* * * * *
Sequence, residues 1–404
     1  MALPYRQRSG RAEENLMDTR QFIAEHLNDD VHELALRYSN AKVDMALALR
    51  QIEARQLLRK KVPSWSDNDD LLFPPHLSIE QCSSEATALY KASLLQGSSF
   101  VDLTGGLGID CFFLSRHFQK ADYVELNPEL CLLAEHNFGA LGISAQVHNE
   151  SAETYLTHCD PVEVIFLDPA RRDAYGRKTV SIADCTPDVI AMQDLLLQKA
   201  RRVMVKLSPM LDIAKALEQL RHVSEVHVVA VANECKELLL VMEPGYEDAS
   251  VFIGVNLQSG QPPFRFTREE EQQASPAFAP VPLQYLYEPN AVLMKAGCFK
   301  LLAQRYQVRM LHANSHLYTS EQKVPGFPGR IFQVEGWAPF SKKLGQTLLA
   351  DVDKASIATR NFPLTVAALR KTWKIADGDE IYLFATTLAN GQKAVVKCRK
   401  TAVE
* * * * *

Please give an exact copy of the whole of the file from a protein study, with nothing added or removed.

Sequence, residues 1–404
     1  MALPYRQRSG RAEENLMDTR QFIAEHLNDD VHELALRYSN AKVDMALALR
    51  QIEARQLLRK KVPSWSDNDD LLFPPHLSIE QCSSEATALY KASLLQGSSF
   101  VDLTGGLGID CFFLSRHFQK ADYVELNPEL CLLAEHNFGA LGISAQVHNE
   151  SAETYLTHCD PVEVIFLDPA RRDAYGRKTV SIADCTPDVI AMQDLLLQKA
   201  RRVMVKLSPM LDIAKALEQL RHVSEVHVVA VANECKELLL VMEPGYEDAS
   251  VFIGVNLQSG QPPFRFTREE EQQASPAFAP VPLQYLYEPN AVLMKAGCFK
   301  LLAQRYQVRM LHANSHLYTS EQKVPGFPGR IFQVEGWAPF SKKLGQTLLA
   351  DVDKASIATR NFPLTVAALR KTWKIADGDE IYLFATTLAN GQKAVVKCRK
   401  TAVE